Other expansion modifiers such as beta-eucriptite (LiAlSiO3), amorphous silica, and various other phosphates, vanadates, arsenates, antimonates, mobates, and tantalates have been shown to improve their thermal shock resistance of sealed ceramic or metal/ceramic substrates, and are considered part of the present invention when used with the glass, either as a die attach paste or when sealing a variety of different ceramic or glass ceramic bodies.


Another potential application of the new glass is for an electrically insulating, high thermally dissipating adhesive for various discrete electronic components. A most common application would be for attaching semiconductor devices that need to be electrically insulated from the substrate yet provide good thermal dissipation through the adhesive. The common Ag/glass adhesive paste has both excellent electrical and thermal dissipation and hence is not applicable.

To assess the utility of the glasses of the present invention, the M355 glass powder was loaded with powders of the synthetic diamond powder, AlN, Cu2 O, Ni, Al, Al2 O3, BeO2 and BN all with excellent thermal conductivity. The most promising combination was with synthetic diamond powder from Engis Corporation. Diamond powders of different size and amounts were admixed with the M355 powder and terpineol to make a paste. This was applied to a ceramic and a silicon die placed on top. The assembly was fired, similar to an Ag/glass paste, to 350° C. for 10 minutes and allowed to cool. Diamond powder of a size of 15236 microns loaded at 40% of the glass powder, was found to give superior adhesion along with excellent thermal conductivity. Other high thermally conductive ceramic or metal powders could be used for this application and are considered part of the invention.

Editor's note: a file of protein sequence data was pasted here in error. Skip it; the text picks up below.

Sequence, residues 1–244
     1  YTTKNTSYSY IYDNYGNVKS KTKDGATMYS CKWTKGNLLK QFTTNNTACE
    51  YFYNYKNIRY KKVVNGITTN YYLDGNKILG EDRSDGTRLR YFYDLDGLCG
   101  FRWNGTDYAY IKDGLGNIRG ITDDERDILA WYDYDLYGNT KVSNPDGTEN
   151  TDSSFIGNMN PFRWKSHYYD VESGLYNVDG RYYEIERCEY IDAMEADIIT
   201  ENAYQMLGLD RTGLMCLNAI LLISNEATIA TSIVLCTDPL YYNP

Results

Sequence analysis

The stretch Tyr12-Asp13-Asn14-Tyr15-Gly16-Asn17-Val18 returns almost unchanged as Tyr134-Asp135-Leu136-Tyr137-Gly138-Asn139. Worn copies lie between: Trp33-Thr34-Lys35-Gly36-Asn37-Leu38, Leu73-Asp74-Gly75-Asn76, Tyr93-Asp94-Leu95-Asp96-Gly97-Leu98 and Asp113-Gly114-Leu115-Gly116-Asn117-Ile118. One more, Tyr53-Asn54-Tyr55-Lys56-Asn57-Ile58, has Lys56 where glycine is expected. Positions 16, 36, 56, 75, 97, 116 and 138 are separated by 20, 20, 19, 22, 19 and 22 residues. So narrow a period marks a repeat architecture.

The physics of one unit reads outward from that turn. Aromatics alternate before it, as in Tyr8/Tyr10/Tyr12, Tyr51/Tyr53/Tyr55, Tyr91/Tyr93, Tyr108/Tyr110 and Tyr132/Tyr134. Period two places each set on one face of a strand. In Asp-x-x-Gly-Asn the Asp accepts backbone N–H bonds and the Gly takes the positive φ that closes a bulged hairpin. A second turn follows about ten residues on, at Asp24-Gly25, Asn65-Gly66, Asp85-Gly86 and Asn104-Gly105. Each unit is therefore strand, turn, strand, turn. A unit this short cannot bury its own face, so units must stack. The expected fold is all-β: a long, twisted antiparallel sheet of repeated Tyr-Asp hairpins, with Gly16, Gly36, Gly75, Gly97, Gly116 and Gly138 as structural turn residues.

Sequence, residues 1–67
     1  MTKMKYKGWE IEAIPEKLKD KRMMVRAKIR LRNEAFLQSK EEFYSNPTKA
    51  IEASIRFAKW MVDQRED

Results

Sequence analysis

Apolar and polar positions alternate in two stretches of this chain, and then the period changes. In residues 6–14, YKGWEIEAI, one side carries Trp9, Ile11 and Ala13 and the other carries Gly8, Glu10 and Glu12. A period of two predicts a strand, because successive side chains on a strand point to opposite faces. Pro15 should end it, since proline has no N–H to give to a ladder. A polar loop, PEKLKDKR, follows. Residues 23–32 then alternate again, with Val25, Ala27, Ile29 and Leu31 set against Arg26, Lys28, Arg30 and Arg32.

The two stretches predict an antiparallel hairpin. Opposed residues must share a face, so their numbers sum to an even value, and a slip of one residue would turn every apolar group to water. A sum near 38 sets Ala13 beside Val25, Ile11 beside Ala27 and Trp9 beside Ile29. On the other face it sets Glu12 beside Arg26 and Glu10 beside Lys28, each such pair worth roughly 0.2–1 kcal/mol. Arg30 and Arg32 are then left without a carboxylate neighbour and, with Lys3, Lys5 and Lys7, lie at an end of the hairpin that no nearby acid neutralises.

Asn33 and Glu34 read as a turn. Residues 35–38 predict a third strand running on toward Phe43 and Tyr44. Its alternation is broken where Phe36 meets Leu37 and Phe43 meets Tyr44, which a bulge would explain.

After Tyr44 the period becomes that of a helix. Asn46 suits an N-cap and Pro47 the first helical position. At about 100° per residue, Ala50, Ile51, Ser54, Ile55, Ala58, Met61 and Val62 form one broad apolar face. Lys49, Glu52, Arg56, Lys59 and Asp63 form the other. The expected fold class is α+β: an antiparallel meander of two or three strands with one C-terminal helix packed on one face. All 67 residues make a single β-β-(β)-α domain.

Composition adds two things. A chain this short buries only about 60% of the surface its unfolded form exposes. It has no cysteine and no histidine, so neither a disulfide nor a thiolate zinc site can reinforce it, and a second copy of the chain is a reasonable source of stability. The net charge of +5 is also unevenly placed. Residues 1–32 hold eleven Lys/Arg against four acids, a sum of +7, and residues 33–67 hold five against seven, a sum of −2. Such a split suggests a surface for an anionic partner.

It is apparent that many minor modifications and variations of the present invention are obvious to those skilled in the art of glass making, Ag/glass paste making, sealing glasses, semiconductor packaging, and related arts. For example, any precursors of the oxides, such as carbonates, nitrates, sulphates, etc., can be used in place of the oxides, since they break down to the oxides during the melting process. Such modifications, additions, or improvements are thus considered a part of the present invention, the scope of which is determined by the following claims:

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U.S. Classification501/41, 501/20, 106/1.14, 501/19, 501/17
International ClassificationC03C8/24, C03C8/18, C03C8/14, C03C3/12
Cooperative ClassificationC03C3/122, C03C8/14, C03C8/18, C03C8/24
European ClassificationC03C3/12N, C03C8/18, C03C8/14, C03C8/24